Ahasuerus und Ester: Ignatz Waghalter’s Anti-Fascist Purim Opera (1937)

Beatrice Waghalter in the early 1940s

In 1937, while living in Vienna, Ignatz Waghalter composed Ahasuerus und Ester, based on the Biblical story of the Jewish Queen of Persia who risks her life to save her people from destruction. It is not difficult to understand why Waghalter was drawn to this story. Hamen, the malevolent adviser to the king who devised a plan for the extermination of all the Jews of Persia, is drawn as a Hitler-figure of the ancient world.

The opera was performed once in Vienna, with only piano accompaniment, shortly before Waghalter and his wife, Toni, obtained the necessary papers enabling them to travel to and enter the United States.

On February 10, 1941, a radio performance of Ahasuerus und Ester was broadcast by New York City’s historic classical music station, WQXR. Waghalter himself directed the performance from the piano. The role of Ester was sung by his daughter, Beatrice Waghalter (1913-2001). A substantial portion of the recorded broadcast has been preserved. In 2013, the handwritten orchestral partitur was discovered, thus raising the possibility of a future performance of the opera as it was conceived by Waghalter.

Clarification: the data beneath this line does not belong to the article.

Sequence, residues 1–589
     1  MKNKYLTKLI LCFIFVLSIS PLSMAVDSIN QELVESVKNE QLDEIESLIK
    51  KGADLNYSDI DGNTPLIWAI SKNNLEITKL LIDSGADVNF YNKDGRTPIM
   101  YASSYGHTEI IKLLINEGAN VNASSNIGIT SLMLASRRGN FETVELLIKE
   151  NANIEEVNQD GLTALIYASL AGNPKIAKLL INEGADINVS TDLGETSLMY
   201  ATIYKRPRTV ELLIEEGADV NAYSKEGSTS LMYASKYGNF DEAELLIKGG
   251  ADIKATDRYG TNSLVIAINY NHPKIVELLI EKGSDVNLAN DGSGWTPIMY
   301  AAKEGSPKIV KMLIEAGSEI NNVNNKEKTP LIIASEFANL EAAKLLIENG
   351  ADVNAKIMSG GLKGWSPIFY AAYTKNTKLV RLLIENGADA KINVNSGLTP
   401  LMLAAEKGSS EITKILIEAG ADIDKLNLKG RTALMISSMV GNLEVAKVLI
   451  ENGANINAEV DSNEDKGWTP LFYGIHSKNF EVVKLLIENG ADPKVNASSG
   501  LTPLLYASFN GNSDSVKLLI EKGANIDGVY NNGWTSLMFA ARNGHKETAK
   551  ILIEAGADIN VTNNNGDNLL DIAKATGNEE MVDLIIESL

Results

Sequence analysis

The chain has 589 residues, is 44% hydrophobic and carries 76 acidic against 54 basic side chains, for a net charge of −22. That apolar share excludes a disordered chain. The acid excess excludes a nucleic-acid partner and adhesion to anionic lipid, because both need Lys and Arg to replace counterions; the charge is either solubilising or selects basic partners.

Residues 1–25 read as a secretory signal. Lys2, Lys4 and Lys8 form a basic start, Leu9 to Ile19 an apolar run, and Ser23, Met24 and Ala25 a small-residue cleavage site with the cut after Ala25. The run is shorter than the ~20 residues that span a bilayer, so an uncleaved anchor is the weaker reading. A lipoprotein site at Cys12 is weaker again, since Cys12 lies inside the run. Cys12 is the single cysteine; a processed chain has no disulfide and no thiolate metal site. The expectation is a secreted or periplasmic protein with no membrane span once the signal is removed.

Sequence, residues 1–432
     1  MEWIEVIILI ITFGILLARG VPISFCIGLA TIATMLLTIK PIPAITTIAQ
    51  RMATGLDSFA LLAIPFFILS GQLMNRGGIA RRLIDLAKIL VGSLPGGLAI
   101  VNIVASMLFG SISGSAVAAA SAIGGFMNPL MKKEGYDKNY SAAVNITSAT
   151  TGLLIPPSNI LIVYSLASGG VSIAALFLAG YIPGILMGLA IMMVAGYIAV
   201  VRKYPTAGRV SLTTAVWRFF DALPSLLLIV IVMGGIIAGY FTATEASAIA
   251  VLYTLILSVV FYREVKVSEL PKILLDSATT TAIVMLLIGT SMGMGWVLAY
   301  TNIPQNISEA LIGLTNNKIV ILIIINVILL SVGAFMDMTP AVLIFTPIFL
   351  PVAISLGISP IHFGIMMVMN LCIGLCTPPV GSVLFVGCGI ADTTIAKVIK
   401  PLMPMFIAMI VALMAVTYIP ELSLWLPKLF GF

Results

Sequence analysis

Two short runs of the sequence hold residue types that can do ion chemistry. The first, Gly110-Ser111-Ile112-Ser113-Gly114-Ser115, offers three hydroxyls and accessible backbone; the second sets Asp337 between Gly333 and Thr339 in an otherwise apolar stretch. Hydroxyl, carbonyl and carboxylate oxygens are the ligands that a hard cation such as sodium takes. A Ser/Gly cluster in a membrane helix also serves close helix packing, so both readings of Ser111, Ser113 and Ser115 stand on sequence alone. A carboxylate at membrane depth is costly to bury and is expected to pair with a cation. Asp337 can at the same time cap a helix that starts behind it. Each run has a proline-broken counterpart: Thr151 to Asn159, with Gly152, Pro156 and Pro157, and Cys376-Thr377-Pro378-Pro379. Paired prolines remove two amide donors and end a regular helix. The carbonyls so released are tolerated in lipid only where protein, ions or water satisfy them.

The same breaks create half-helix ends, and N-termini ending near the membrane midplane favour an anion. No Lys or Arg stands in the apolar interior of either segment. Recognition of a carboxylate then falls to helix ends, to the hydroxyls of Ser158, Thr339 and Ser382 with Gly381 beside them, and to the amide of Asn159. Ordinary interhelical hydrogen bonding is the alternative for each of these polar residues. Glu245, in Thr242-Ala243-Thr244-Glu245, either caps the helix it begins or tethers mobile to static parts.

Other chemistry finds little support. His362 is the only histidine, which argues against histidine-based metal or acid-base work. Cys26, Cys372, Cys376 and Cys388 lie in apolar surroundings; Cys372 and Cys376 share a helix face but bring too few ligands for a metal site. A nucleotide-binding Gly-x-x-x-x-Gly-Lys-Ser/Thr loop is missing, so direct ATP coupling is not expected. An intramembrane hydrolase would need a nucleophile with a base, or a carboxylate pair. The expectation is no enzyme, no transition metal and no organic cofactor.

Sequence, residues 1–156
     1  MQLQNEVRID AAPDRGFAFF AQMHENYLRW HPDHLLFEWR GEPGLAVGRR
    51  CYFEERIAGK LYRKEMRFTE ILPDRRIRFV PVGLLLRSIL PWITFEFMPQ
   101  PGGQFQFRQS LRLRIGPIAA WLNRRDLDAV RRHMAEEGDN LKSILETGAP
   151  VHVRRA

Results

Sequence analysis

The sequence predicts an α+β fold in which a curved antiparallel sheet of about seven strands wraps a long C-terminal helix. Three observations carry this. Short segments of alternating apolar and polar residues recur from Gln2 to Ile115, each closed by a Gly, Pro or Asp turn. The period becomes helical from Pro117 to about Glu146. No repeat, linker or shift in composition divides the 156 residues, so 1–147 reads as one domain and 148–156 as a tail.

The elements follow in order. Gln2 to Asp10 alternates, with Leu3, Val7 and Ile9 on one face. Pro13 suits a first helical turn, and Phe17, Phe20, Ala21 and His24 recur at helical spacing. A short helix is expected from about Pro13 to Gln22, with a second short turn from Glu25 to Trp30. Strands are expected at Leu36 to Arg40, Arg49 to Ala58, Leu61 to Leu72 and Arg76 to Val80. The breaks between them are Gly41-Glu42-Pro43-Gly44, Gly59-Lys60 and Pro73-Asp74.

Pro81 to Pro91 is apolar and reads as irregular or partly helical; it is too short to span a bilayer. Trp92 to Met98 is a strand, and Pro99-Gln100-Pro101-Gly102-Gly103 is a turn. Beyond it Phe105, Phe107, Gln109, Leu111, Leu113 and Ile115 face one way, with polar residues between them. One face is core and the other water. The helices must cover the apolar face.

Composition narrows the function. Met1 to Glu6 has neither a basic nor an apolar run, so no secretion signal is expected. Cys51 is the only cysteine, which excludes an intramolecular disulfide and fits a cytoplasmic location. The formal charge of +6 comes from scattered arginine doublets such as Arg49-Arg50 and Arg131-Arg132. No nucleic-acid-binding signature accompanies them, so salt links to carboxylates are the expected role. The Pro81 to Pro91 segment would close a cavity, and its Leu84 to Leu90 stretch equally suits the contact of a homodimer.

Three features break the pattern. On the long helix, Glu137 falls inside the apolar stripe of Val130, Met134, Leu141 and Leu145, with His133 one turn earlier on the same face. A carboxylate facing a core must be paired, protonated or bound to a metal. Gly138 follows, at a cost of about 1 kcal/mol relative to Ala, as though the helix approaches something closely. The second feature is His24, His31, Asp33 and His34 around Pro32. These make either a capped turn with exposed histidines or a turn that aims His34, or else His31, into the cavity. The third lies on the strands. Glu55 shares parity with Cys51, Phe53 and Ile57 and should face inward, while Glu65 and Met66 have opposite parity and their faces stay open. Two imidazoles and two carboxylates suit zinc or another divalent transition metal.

We are making available the section of the 1941 recording which includes the dramatic highpoint of the opera, when Queen Ester reveals to King Ahasuerus that she is Jewish. Ester obtains from the king the rescinding of the order for the extermination of the Jews of Persia. It is Hamen, instead, who is sent to the gallows.

Excerpt from February 1941 WQXR Broadcast of Ahasuerus und Ester


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